Book Review: The Confessional County by Raymond Simmons

The Confessional County


     In 1820, the fertility rate in the United States was 6.59. In 2016, that number was down to 1.92, well below the replacement rate of 2.1. From 1973 to 2011, the sperm count for men in western nations, declined by more than 50% (90 million sperm per milliliter down to 47 million). The leading cause of death in the US is heart disease, followed by cancer, and a young man is more likely to kill himself today than die by covid. Depending on which study you look at, about half of the US population is on prescription drugs, and at least 1 in 10 Americans is on antidepressants. According to the CDC, 1 in 59 children has autism and this number keeps rising. By just about every metric, we are becoming a more sterile, infertile, and sick population. What accounts for this nationwide decline?

     In The Confessional County: Realizing The Kingdom Through Local Christendom, Raymond Simmons argues that the US is under a land curse (Lev. 26, Num. 35, Deut. 28, etc.), and the only way to break this curse is for Christians to cleanse the land through “social confessionalism.”

What Is Social Confessionalism?

     Social confessionalism is “the model presented in the Bible where all-of-society comes together and representative heads of family, church, and state, confess their societal sins and covenant with God and commit to following all of His commands.” Just as individuals are required by God to confess their individual sins and be cleansed, so also God requires various groups to repent as groups. Simmons summarizes our situation when he says, “societal curses are caused by societal sins and are only removed by societal confession.” Joshua and Caleb suffered the judgment of wandering in the wilderness for forty years despite their own personal faithfulness (Num. 14). In a similar manner, many Christians are suffering the judgment of living in a cursed land despite their personal faithfulness. Although the church and righteous individuals can and should intercede on behalf of apostate governments, it is only when the civil magistrate joins in this covenantal repentance that God actually heals the land (2 Chr. 7:14). Until that happens, there can be no Christendom and no progress as a society.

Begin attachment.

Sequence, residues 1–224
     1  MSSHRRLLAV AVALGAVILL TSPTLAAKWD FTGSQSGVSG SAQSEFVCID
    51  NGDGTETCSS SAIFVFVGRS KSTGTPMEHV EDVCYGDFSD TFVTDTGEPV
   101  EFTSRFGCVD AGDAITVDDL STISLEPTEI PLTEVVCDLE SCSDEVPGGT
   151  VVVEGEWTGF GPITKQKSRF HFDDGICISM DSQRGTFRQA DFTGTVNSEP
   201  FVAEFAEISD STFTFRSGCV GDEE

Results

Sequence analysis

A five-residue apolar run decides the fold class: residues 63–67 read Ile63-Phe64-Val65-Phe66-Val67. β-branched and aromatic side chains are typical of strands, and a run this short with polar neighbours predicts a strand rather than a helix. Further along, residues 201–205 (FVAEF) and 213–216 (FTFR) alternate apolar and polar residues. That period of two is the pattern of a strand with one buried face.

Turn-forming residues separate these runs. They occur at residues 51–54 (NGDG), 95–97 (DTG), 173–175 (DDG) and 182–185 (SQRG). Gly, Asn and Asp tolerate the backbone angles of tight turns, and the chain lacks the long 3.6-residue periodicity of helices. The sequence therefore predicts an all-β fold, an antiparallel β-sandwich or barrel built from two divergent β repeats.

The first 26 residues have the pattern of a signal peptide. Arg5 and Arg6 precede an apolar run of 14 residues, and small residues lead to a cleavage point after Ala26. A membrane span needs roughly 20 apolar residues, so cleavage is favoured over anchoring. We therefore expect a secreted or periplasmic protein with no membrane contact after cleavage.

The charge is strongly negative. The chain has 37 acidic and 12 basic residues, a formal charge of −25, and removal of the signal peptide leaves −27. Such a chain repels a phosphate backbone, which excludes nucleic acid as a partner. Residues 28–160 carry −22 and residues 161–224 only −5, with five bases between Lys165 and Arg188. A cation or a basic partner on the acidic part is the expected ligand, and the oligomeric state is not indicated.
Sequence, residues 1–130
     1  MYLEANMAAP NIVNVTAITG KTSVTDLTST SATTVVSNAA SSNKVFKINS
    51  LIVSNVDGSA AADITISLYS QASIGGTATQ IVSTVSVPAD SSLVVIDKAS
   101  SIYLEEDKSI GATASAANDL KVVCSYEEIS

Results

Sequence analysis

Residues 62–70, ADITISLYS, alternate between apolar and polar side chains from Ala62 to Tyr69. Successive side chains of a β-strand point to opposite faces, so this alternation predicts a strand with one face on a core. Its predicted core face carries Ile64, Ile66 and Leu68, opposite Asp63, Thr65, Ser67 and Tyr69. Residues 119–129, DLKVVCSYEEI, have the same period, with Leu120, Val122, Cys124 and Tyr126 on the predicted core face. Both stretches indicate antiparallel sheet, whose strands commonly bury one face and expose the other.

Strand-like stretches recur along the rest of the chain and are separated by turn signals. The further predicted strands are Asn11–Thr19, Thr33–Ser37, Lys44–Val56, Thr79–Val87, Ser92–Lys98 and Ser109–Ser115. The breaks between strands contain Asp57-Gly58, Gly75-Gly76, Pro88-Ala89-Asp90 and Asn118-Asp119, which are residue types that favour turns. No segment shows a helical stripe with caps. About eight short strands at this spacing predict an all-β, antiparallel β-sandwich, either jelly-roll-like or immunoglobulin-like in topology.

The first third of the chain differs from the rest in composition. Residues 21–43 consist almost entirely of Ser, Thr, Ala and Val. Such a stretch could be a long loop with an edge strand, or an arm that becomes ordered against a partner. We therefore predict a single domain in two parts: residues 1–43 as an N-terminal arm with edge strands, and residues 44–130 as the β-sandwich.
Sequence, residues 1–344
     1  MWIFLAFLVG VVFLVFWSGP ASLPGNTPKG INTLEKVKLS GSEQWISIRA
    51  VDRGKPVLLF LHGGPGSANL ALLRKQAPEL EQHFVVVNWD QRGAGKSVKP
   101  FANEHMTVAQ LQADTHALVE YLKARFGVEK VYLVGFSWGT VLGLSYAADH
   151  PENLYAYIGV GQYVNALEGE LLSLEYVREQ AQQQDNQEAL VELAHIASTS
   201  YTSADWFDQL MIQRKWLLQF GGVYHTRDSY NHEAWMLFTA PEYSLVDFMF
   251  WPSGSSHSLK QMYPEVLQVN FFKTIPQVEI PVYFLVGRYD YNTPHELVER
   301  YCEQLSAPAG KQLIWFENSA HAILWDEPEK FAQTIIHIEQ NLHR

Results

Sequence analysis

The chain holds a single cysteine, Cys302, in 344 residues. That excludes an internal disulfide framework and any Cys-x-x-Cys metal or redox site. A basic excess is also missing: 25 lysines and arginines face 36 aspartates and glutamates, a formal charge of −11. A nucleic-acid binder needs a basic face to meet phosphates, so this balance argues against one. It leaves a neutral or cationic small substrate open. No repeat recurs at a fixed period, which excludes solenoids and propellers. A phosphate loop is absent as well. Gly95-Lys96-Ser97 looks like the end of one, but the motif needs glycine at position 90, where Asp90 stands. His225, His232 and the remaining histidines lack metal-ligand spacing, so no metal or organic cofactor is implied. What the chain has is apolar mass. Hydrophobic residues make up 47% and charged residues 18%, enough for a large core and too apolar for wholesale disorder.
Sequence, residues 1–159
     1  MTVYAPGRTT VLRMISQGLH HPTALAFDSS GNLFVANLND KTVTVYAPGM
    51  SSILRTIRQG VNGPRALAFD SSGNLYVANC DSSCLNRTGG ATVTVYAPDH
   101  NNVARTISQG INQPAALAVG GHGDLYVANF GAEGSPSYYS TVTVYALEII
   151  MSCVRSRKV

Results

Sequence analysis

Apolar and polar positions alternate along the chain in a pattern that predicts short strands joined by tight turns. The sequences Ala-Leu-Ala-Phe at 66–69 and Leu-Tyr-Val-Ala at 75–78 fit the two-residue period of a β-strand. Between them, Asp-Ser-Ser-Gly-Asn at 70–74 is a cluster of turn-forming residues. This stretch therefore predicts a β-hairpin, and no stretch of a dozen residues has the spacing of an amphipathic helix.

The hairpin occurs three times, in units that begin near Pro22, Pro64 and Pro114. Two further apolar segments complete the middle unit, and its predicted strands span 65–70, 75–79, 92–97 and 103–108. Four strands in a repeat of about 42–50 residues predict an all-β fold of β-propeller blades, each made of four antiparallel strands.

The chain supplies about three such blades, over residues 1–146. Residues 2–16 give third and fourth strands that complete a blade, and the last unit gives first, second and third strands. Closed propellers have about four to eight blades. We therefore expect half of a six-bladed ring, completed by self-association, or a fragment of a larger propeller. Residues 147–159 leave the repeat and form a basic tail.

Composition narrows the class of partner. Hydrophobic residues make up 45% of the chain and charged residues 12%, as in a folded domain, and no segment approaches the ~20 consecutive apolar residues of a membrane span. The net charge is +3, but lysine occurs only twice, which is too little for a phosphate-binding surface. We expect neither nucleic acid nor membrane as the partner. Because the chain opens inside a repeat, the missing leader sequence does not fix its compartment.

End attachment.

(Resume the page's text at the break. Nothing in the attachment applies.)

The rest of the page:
County Before Country

      While this practice of social covenanting/confessionalism is nothing new, there are two unique contributions that Simmons makes suggests for our consideration. The first is the application of national covenanting to our smallest unit of civil government (the county). Simmons proposes that Christians consider strategically relocating to counties that could be Christianized within about ten years. Since God differentiates between towns (Gen. 18:20, Is. 17:1, Matt. 10:14-15) and land curses are “geospatial,” it is possible to establish new towns of “Goshen” that are protected from plagues (Ex. 8:22).